First, with respect to the terms of the bond itself, it must be U.S. dollar denominated, cash (i.e., not synthetic) ABS issued on or after Jan. 1, 2009. In addition, the bond must be rated in the highest investment-grade rating category by at least two of the three eligible rating agencies (currently Fitch, Moody’s, and S&P) and not have a credit rating below the highest investment-grade rating category from the third such rating agency. Although TALF-loans backed by equipment ABS are due and payable in three years, there is no requirement that the remaining term to maturity of the related bond be three years or less. It should be noted, however, that such a mismatch creates refinancing risk to the investor if the relevant TALF loan matures at the three-year mark and the related bond remains outstanding.
Second, with respect to the credit exposures underlying the bond, such credit exposures must be related to equipment receivables, which are broadly defined to include loans and leases relating to business, industrial and farm equipment, as well as other equipment types (other than aircraft) that have been the subject of prior equipment ABS transactions. In addition, there are certain concentration criteria that must be satisfied with respect to the underlying exposures — 95% must be comprised of U.S. domiciled obligors and originated by U.S. entities and 85% must have been originated on or after Oct. 1, 2007. Also, eligible collateral for a particular investor may not be backed by credit exposures that such investor has, either itself or through an affiliate, originated or securitized.
Getting To AAA: The Primary Hurdle To Equipment ABS Issuance
As highlighted above, a gating item for prospective issuers seeking access to the term equipment ABS market is the ability to achieve a AAA rating on their issuances, and primarily due to capitalization and tenure, only a few issuers have been successful in this regard. Although the rating agencies assert that their ratings process has not changed materially (and experience proves this to be true), their historical approach of using long-term performance data on the underlying exposures as a proxy for future performance has become increasingly tilted toward a focus on more recent collateral history. This is a practical approach, especially given the current general economic climate, but an approach that will often increase required credit enhancement to unprecedented levels. For a well-capitalized and liquid issuer, the increased credit enhancement level may manifest itself merely in reduced profitability as leverage drops. However, for many other originators, it is an insurmountable hurdle, as their constrained liquidity and capital position will not enable them to issue at such a low leverage multiple. This reality, coupled with reduced demand for subordinate bonds, which has resulted in historically high spreads for those tranches, is a major factor contributing to the inability of many potential issuers to execute in the term ABS market at present.
Another differentiating item that investors and rating agencies have recently elevated in priority when evaluating investments and ratings, respectively, is servicer viability. Again, credit and liquidity constrained issuers may not be able to realistically project long-term viability as a servicer. This issue has contributed significantly to the have/ have-not dichotomy in the marketplace — separating those issuers that can receive a AAA rating on their bonds from those that cannot.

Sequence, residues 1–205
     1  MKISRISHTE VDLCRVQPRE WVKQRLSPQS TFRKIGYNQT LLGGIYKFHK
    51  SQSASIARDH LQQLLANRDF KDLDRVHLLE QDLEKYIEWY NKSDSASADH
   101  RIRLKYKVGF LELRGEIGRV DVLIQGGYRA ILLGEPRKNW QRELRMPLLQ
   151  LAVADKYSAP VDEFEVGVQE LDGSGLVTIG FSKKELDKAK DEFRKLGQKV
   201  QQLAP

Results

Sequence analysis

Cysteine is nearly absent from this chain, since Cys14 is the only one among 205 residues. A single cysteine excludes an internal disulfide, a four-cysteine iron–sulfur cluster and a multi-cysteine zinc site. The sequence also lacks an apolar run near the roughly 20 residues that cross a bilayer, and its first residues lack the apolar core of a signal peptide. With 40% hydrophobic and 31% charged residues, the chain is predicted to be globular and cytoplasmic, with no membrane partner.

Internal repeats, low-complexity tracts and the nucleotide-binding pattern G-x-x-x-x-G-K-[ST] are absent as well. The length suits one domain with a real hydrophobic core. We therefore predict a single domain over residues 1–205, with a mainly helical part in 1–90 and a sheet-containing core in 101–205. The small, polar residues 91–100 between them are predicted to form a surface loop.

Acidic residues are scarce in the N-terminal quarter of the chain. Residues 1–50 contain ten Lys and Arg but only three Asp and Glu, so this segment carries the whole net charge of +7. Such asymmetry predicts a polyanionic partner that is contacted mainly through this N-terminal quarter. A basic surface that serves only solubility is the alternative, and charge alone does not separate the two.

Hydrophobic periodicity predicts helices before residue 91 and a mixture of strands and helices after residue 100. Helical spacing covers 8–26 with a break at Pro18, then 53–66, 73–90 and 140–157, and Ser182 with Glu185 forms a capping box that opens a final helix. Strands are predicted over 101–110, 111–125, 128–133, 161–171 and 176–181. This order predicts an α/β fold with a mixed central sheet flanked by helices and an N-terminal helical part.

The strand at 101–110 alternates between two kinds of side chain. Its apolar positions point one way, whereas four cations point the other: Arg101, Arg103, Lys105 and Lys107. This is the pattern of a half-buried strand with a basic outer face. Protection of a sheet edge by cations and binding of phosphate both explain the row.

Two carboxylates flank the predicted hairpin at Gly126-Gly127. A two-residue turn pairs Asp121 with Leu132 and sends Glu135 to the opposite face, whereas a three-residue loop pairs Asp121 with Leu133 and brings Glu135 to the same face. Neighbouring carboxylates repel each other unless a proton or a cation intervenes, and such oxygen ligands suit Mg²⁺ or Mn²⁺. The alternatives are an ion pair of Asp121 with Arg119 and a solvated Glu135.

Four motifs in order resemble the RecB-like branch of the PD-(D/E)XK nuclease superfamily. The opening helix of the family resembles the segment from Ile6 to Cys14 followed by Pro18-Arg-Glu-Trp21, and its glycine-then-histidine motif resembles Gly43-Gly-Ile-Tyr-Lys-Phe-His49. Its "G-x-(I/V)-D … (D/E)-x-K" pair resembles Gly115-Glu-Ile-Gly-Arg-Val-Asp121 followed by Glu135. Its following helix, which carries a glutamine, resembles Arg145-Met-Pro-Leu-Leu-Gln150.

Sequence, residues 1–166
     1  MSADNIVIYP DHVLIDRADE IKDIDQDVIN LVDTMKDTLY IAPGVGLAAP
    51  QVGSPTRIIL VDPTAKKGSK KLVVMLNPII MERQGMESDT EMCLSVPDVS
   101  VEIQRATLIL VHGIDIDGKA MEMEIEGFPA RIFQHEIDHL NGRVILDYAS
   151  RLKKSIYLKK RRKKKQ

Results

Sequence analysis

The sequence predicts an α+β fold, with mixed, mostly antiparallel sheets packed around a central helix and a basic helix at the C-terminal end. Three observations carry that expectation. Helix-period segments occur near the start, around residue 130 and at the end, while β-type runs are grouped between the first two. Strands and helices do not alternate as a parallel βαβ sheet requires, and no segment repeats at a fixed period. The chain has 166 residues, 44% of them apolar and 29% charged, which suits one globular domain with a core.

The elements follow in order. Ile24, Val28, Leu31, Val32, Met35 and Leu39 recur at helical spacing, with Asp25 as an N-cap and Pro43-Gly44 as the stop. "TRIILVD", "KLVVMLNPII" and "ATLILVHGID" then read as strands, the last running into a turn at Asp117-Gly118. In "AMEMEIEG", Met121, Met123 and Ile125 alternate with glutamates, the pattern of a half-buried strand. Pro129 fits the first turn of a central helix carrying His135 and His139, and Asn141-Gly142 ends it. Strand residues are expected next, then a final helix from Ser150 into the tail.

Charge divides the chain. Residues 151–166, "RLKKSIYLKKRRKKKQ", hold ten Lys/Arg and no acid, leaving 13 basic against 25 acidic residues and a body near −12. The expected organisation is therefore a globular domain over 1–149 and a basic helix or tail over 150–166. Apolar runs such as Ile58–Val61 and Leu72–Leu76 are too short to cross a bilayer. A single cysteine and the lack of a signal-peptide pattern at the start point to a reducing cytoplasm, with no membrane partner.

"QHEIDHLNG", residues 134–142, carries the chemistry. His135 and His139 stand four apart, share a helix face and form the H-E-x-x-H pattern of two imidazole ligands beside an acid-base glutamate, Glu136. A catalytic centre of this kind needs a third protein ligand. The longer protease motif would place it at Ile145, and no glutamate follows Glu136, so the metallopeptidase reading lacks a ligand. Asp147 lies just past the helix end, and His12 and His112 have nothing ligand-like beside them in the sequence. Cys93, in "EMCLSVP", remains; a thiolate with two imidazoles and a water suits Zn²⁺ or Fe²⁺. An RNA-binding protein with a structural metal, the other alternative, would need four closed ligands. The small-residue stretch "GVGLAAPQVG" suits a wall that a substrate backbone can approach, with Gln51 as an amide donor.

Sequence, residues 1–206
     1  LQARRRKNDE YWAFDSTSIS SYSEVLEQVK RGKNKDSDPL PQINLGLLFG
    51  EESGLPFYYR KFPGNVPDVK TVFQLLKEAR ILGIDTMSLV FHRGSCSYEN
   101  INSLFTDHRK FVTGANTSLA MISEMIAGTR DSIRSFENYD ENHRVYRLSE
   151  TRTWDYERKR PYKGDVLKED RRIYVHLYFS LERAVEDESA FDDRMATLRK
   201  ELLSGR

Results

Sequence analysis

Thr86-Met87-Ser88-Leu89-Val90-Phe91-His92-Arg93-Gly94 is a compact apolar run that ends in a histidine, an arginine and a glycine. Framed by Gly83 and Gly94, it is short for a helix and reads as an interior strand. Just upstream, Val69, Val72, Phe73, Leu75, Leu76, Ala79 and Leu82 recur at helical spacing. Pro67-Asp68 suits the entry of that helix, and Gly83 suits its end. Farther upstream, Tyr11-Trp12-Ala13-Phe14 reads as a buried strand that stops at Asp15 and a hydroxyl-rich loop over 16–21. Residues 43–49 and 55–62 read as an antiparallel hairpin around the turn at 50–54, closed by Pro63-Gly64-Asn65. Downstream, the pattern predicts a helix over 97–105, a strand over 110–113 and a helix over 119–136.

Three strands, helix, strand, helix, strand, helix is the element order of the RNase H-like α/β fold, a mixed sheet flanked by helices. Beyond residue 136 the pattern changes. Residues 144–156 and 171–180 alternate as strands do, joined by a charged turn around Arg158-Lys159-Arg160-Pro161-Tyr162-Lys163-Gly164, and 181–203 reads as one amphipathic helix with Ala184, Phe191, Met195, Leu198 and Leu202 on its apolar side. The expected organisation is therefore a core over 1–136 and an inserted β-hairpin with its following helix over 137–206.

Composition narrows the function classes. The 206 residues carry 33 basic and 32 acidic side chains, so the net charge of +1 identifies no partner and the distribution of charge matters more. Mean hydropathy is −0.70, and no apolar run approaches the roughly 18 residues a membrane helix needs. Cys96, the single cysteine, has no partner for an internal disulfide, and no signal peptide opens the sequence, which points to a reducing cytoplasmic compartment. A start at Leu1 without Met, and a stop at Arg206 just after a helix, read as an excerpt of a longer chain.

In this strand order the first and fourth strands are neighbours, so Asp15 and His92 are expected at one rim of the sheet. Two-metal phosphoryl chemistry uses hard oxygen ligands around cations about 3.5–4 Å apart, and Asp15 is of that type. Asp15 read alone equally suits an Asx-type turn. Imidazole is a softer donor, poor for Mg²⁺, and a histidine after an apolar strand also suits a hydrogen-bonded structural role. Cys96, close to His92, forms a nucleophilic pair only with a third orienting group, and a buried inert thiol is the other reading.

It remains to be seen whether TALF, with its current expiration date of March 31, 2010 for ABS, will prove to be the panacea for the ills that have befallen the ABS market and the resulting headaches for businesses and consumers seeking access to credit. However, it is our view that TALF has proven itself as a viable and well-executed program and has been generally effective in resuscitating the term ABS market for 2009 notwithstanding that significant barriers to entry remain in existence for many equipment lessors. As investor demand for TALF-eligible bonds has continued to increase in the second and third quarters of 2009, spreads have compressed and, consequently, the ratio of investors utilizing TALF to cash investors has fallen significantly and is now less than 1:2. Obviously, the extension (or not) of TALF beyond March 31, 2010, potential modifications of the Facility (e.g., a change to the Facility allowing for certain highly rated tranches below the AAA level to be eligible collateral would greatly improve term execution potential for equipment ABS issuers), general economic conditions, and ultimate investor appetite for structured credit products will help determine the future of the term ABS market.
In the interim, however, because there is limited investor demand for non-AAA bonds, the marketplace for such issuances is not particularly liquid (especially for one-off or occasional issuers) and interest costs are high. Because of the have/have- not dichotomy that has developed in the marketplace between those companies able to execute TALF-eligible issuances and those that cannot, market participants in the equipment sector should expect smaller, single-investor deals from issuers currently relegated to the sidelines to become more prevalent over time. As was common before the late-1990s, when the equipment ABS marketplace opened up to a wide issuer audience, these deals will be challenging and cumbersome to close, but an experienced structurer/ underwriter/placement agent and legal team will enable many issuers to tap this private source of liquidity in an efficient manner.
About Evan Wilkoff
Evan Wilkoff is currently a Strategic Consultant for Hembstead Capital, LLC. Evan Wilkoff focuses his consulting practice on providing capital markets and financing expertise to the Specialty Finance industry.